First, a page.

Now, Bolshee CIC (community interest company) are launching an eight-week autobiographical performance project, Bolshee Women: Perform Yourself, for self-identifying women aged 25 and over to find their voice in collaboration with Make it York.

Paula explains: “It’s so important that we find our voice, take up space and share our truths. This is what Bolshee Women is all about. Coming together in solidarity to make friends, be creative and share our experiences has a hugely positive impact on our wellbeing.

“We wanted to offer a cultural provision, this time for women over the age of 25. We feel that this age group don’t have as many opportunities to get involved in performance in the city as younger people do. We also know that women will suffer disproportionately from the financial crisis we’re facing. That’s why Bolshee Women will be FREE to attend.”

Bolshee Women: Perform Yourself will be held at Friargate Theatre, Friargate, from October 20 to December 8 from 6.30pm to 8pm each week. “We will explore contemporary performance and autobiographical devising techniques, including free drawing and creative writing,” says Paula. “No experience is necessary. All materials will be provided.” To book for the workshops, go to: www.bolshee.com.

Full of drive: Lizzy Whynes, Megan Bailey and Paula Clark

Who are the Bolshee triumvirate?

Paula Clark is a creative director, theatre maker and community artist.

Lizzy Whynes is a performer, movement and theatre director and facilitator.

Megan Bailey is a designer and producer.

Artists and makers sought for St Nicholas Fair 30th anniversary bauble competition

A Christmas stall at St Nicholas Fair in York

MAKE It York is inviting visual artists, print makers and designers to create a bespoke bauble design to celebrate St Nicholas Fair’s 30th anniversary with a prize of £500 for the winning design.

A fixture on York’s streets over the Christmas festive season since 1992, the 2022 fair will feature a limited run of porcelain baubles for sale to celebrate this milestone.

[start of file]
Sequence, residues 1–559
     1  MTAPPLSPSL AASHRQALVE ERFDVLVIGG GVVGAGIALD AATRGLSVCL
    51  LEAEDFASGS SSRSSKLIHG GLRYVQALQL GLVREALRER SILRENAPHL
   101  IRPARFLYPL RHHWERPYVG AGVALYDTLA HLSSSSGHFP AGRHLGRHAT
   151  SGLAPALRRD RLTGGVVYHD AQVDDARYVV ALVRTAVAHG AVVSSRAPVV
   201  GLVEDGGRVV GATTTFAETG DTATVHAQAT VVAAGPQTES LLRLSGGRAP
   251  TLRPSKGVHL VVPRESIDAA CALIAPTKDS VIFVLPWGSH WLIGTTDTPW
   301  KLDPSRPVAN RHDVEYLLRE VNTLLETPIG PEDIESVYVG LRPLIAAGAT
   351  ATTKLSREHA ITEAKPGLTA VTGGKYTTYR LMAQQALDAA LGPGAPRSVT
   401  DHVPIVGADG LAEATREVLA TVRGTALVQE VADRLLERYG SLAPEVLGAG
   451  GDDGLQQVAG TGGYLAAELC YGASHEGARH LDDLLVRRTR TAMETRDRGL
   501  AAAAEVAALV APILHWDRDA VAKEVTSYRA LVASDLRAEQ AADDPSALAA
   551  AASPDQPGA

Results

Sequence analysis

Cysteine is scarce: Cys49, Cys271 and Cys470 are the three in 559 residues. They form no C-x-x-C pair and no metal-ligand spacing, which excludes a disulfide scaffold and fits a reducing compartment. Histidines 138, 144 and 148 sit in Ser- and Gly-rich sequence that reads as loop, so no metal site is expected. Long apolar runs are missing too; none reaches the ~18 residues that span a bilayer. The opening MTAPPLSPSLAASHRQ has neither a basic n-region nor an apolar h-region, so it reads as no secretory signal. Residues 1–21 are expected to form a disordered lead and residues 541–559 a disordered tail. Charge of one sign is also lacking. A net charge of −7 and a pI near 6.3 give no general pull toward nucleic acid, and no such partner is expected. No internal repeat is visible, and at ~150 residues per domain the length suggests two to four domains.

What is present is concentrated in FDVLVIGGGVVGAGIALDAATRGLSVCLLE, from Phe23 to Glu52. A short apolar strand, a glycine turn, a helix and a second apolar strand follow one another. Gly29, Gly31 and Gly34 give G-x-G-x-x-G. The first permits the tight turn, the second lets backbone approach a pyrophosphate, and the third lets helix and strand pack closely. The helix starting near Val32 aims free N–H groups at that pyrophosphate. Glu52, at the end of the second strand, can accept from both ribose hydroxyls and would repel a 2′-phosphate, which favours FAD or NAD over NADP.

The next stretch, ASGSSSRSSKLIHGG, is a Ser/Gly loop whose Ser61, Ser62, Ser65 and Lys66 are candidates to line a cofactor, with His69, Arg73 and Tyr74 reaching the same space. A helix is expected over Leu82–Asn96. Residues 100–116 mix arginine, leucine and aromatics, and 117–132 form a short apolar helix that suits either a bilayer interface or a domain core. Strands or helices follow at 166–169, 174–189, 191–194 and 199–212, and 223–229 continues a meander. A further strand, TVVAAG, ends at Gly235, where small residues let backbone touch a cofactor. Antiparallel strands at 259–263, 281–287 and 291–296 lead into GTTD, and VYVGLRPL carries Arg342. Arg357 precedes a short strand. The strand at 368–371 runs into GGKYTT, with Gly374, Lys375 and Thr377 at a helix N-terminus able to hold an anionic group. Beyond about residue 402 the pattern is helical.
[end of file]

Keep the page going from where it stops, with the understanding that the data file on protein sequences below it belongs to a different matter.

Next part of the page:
Artists are asked to submit designs on the theme of A York Christmas, whether traditional, contemporary or a fresh interpretation.

Artists aged 16 and over can enter the competition by completing the form https://forms.monday.com/forms/14519398127db77a6e91c83f08bed1e4?r=use1 by 12 noon on August 5Each artist will be allowed to submit two entries.

Full design specifications and more information on St Nicholas Fair can be found at https://www.makeityork.com/news/2022/07/york-christmas-market-anniversary-bauble-competition/

Running for five weeks, the St Nicholas Fair Christmas market features 60 Alpine chalets lining the streets of Parliament Street and St Sampson’s Square, where  businesses sell everything from handmade gifts to delicious treats.

Stranded in France, Kyiv City Ballet’s first show since Russia’s invasion of Ukraine at York Theatre Royal on June 14 has sold out

Poised: Kyiv City Ballet are heading to York Theatre Royal for one night

KYIV City Ballet’s first British performance since Ukraine came under attack from Russia at York Theatre Royal on June 14 has sold out.

One hundred per cent of ticket sale proceeds will be donated to UNICEF’s Ukraine Appeal from the two-and-a-half-hour special performance that will be split into two parts under the direction of Ivan Kozlov and Ekaterina Kozlova. A class from the Kyiv City Ballet company will be followed by excerpts from ballets such as Swan Lake and The Nutcracker. 

York Theatre Royal chief executive Tom Bird personally invited Kyiv City Ballet to perform in York after learning of the company being stranded in France, where they were on tour as the war broke out in Ukraine. The dancers have stayed there ever since, given that it is too unsafe for them to return home to Ukraine.

“We are proud that York is able to stand in solidarity with Kyiv,” says York Theatre Royal chief executive Tom Bird, who has invited Kyiv City Ballet to the Yorkshire city

“It’s a huge honour to be hosting Kyiv City Ballet at York Theatre Royal,” says Bird. “This is the company’s first UK appearance since their city came under attack, and we are proud that York is able to stand in solidarity with Kyiv by supporting these extraordinary dancers for this one-off visit.” 

City partners in York have come together to make this fundraising performance a reality. Make It York, City of York Council and York BID are all supporting the Theatre Royal with organisation and logistics to bring Kyiv City Ballet to the city. 

Eurostar and LNER have stepped in to arrange the company’s return travel from France to York; Visit York members Elmbank Hotel, Malmaison, Middletons, Sandburn Hall, The Grand, The Principal and York Marriott have offered to accommodate the company and crew during their stay, while City Cruises and Bettys will be providing additional hospitality. A Civic welcome awaits at Mansion House.

Class act: Kyiv City Ballet will combine a dance class with excerpts from Swan Lake and The Nutcracker in June 14’s fundraising show